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Although i think about art and my future projects nearly every waking minute, it’s not often that my inspiration takes a form of an intense, almost religious experience like this one. This was unique. It felt like, driven to the point of exhaustion from endless brainstorming and research my mind just snapped and transcended the boundaries of consciousness, crossing over into a creative abyss where everything is possible.

For a few seconds absolutely everything is clear, all the knowledge is laid bare, every vision is there and even the meaning of life is obvious, but then the mental curtain to the abyss closes again, pulling you back from the precipice of madness and leaving only a vague memory of the profoundness of the experience, allowing to carry away only one thing with you intact- that perfect vision of what you sought. Like a gift. Everything else is swiftly forgotten.

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Cathedral was my gift. I hope it opens the flood gates for more beautiful pieces in this series.

This piece was primarily inspired by my obsession with European Gothic architecture. But I’m sure there are a couple dozen other sources of inspiration mixed in here. I’ve yet to identify them all.

10 years ago 71
Posted in: New Doll

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I’ve been working on this doll for a while and I’m absolutely infatuated with it. I think she is the best doll I ever made. But then again, I think that about every doll I just completed. But I do feel that she is very unique and different from everything I’ve ever made before. To me, she seems to signal some sort of a renewal, a new direction,  new inspiration and fresh blood, like a shot of adrenaline to the heart.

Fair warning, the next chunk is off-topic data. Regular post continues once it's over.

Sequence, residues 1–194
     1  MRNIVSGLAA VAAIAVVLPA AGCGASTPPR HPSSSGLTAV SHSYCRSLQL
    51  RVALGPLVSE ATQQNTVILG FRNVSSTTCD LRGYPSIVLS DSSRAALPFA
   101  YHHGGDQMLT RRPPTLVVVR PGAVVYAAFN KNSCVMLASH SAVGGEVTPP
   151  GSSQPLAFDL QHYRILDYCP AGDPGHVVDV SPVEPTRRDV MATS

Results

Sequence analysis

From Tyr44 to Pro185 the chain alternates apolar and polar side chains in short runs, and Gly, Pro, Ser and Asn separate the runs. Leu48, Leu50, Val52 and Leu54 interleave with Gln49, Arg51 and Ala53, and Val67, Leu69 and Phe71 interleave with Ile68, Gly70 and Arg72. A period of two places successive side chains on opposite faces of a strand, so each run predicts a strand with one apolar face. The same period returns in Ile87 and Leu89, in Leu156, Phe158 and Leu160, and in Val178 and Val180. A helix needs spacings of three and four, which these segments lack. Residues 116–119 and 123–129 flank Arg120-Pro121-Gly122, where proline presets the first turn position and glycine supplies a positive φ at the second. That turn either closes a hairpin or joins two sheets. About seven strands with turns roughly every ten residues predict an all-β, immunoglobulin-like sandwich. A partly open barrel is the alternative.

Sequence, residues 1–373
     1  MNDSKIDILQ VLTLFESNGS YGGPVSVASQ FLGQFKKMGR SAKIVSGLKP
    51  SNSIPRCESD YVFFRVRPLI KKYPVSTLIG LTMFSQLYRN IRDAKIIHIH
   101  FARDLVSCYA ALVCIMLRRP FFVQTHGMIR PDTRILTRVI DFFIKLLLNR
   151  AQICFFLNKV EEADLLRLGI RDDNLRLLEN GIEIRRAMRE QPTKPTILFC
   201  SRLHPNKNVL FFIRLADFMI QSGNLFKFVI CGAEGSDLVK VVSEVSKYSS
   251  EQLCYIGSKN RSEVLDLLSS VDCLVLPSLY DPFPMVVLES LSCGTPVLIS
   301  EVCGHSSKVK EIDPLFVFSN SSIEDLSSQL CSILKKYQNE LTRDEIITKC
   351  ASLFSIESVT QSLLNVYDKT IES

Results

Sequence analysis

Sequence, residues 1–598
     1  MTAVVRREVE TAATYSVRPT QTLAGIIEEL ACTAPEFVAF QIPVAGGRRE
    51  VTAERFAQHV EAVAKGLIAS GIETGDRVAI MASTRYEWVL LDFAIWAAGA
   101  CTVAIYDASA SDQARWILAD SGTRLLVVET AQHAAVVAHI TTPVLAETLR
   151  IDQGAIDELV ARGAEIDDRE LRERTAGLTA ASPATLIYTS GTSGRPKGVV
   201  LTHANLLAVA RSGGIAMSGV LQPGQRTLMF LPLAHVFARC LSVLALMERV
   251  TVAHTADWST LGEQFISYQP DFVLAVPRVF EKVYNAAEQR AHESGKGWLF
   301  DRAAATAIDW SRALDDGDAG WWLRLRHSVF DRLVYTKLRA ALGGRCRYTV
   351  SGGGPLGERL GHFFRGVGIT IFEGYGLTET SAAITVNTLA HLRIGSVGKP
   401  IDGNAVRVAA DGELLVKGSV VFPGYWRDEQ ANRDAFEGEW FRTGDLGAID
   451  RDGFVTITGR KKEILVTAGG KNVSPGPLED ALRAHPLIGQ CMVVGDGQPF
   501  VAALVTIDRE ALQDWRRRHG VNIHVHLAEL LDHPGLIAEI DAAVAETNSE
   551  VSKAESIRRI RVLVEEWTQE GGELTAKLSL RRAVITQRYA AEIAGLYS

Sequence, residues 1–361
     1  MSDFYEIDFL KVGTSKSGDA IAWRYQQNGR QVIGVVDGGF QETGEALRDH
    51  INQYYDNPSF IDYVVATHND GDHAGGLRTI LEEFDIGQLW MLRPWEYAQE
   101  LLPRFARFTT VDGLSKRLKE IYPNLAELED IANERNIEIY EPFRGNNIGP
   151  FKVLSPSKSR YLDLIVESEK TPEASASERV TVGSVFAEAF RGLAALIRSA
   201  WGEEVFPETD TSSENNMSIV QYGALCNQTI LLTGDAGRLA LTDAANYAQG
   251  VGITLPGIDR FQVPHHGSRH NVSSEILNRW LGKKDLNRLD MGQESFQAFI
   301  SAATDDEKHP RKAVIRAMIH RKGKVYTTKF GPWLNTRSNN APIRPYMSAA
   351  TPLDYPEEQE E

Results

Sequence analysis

She is one of a kind. Her name is Cathedral and she is the first doll from the new, Architectural series, which presently exists only in the concept/research stage and it will be at least a year until I expect to complete the collection. Cathedral will take part in the Berlin show as a special preview for the next series, but she is the only doll that won’t be for sale just yet.

Fragility show at Strychnin will consist mostly of 15 one a kind-tattooed and nudes in new, metal head dresses. There will be an online preview for everyone on the Strychnin website.

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I haven’t figured out how to photograph this doll yet. The cathedral head dress is very tricky to capture effectively an I’m still figuring out the best lighting that will show the piece best. More pictures to come.

You may recognize the cape from a while ago. It has a lot of Sterling Silver and Amethysts attached to it. The Cathedral itself is a one of a kind wax carving, also cast in Sterling. It’s quite heavy. In fact, this is the most silver I’ve ever used in a single doll. She is literally precious. I’ll tell you  more about it in the next post and show the wax carving. I think you might be a bit surprised to find how I made it.

10 years, 1 month ago 39
Posted in: New Doll

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Here are a few photos of The Bride that never made it to the site.  We played around with some different treatments to give them different feels.  These, along with a couple others, will likely find their way to The Bride‘s gallery soon.  In the first shot I was going for a typical “Bridal magazine” shot, including the soft focus and glow that they always use.